Take the 2-minute tour ×
Stack Overflow is a question and answer site for professional and enthusiast programmers. It's 100% free, no registration required.

This question already has an answer here:

I have a class (extract):

class Package
{
private:
        string s_package_name;
        float f_boottime;
        float f_bytesize;
        list <Package> l_depends;
        list <Package> l_selects;
}

I'd like to generate many objects and list them in a unique "array", therefore i took set I add the objects like this:

set<Package> l_tempSet;   
Package PackageA(1, 11, "what a package");
Package PackageB(2, 22, "what a 2nd package");

l_tempSet.insert(PackageA);
l_tempSet.insert(PackageB);

When compiling I receive an error Message:

no match for »operator<« (operand types are »const Package« and »const Package«)

When clicking into the Error Message it points me to the set.h to the line where unique is called and I think this is the error.

Is it true that C++ isn't capable to "unique" objects (like in this example) into lists and sets and can just handle easy data types like int, float etc. ? Or did I went wrong somewhere, please help me I'm not sure where the error is exactly.

Thanks for your suppport

share|improve this question

marked as duplicate by juanchopanza May 15 at 8:31

This question has been asked before and already has an answer. If those answers do not fully address your question, please ask a new question.

3  
Implement the operator< for your class –  Theolodis May 15 at 8:00
    
Can you please explain a little bit more. (Do you have any search-tags to google arround?) –  user3085931 May 15 at 8:04
1  
I have added a reference for each solution in my answer. –  Theolodis May 15 at 8:10
    
If yor question is answered, you should make sure to mark an answer as accepted, for future reference. –  Theolodis May 15 at 8:20
    
I suspect you don't want to add copies of the objects as you are trying to. Remember, C++ has value semantics for everything. –  Jan Hudec May 15 at 8:23

3 Answers 3

The problem is, that a c++ std::set is orderd, therefore it needs to sort the elements by evaluating the operator<.

Basically there are three solutions to your problem:

  1. Implement the operator< for your class (see more here)

    bool operator<(const Package& other) {
        //return true if this < other
    }
    
  2. Use an unsorted set like std::unordered_set, but then you'll have to implement the equality operator and a hash function.

  3. Implement a comparator function and pass it to the set as second template parameter:

    bool smaller (const Package& left, const Package& right) 
    {
        //return true if left < right;
    }
    std::set<Package,std::function<bool(const Package&, const Package&)>> newSet (std::function<bool(const Package&, const Package&)>(smaller));
    
share|improve this answer
1  
If you go with an unordered_set, you then have 2 problems. You have to implement a hash function, and an equality operator. –  Benjamin Lindley May 15 at 8:15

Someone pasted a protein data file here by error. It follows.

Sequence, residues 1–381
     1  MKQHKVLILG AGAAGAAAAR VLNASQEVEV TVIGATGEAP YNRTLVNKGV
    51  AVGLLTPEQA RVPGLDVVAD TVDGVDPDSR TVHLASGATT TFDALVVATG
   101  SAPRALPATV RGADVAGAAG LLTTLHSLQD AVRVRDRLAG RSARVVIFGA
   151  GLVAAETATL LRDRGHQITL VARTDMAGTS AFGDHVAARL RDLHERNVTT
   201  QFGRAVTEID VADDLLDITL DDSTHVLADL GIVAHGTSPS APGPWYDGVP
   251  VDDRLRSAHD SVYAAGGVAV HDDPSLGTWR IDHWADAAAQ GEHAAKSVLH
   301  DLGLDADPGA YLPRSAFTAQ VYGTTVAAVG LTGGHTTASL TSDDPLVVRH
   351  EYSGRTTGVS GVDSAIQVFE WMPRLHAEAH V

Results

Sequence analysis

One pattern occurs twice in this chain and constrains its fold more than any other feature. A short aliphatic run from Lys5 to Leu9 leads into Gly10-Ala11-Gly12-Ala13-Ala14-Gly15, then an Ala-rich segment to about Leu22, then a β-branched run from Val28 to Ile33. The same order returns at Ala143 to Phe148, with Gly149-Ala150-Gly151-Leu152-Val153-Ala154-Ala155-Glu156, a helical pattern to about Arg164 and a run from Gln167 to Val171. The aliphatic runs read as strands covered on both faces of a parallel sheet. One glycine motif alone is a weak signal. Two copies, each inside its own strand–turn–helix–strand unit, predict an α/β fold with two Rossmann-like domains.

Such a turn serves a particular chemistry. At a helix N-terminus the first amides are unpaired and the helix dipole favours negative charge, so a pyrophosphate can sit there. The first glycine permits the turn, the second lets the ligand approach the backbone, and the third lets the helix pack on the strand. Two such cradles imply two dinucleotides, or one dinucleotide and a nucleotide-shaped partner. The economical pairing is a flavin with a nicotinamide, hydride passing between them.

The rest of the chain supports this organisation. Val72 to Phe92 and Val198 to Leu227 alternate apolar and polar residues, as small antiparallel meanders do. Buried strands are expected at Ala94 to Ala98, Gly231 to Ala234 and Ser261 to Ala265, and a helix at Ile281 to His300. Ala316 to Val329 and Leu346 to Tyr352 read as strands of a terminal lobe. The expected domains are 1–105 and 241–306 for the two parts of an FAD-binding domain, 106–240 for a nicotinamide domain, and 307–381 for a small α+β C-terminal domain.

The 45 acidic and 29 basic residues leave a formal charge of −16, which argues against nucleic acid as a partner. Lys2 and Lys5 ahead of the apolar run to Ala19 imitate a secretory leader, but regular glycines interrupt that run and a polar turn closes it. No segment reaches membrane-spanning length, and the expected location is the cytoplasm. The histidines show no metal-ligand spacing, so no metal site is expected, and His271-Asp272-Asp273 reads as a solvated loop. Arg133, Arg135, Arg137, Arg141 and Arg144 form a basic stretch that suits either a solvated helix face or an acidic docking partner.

@BenjaminLindley that is true, I added it in the answer. But it does still solve the operator < problem ;) –  Theolodis May 15 at 8:22
1  
It doesn't have to evaluate operator<. You can instantiate a set with your own comparison logic (in the form of a user defined functor). This is a good strategy to use if there is no natural operator< for your class. –  juanchopanza May 15 at 8:24
    
@juanchopanza sounds like a good idea with an own compare-value. But I guess this doesn't solve the "unique" problem. –  user3085931 May 15 at 8:30
    
@user3085931 It does. –  juanchopanza May 15 at 8:31

You have to define operator< for your class. Otherwise, set cannot compare objects it's supposed to store, thus cannot check their uniqueness.

share|improve this answer
    
+1 for the only answer that addresses the question of what uniqueness actually means. –  Kerrek SB May 15 at 8:22
    
@KerrekSB with the caveat that you don't have to define operator<. –  juanchopanza May 15 at 8:32
1  
@juanchopanza: Yeah... it would be best to start logically with "what does it mean to be unique", and develop possible solutions from there. Oh well. –  Kerrek SB May 15 at 8:37

When you use std::set, internal implementation may use operator < to arrange objects into buckets, RBTree etc.(Because std::set is ordered) So it needs operator <. Compiler doesn't provide comparision operator by default, so you need to implement 1 by yourself.

class Package
{
private:
        string s_package_name;
        float f_boottime;
        float f_bytesize;
        list <Package> l_depends;
        list <Package> l_selects;
public:
        bool operator <(const Package &t) {
          /* your logic */
        }
}
share|improve this answer
    
Thanks for (all!) of your quick responses. I googled a bit around I couldn't find anything. I think I understood the logic behind it but I'm not quiet sure about the implementation: what is exactly in the body of the bool operator and what's the "&t" –  user3085931 May 15 at 8:15
    
&t means t is a reference. About body, you can put any logic that can tell whether 1 object is less than other or not. –  Mohit Jain May 15 at 8:19
    
Don't blame the compiler. It's just doing what it's told. The language does not allow it to invent operator overloads. –  Kerrek SB May 15 at 8:22

Not the answer you're looking for? Browse other questions tagged or ask your own question.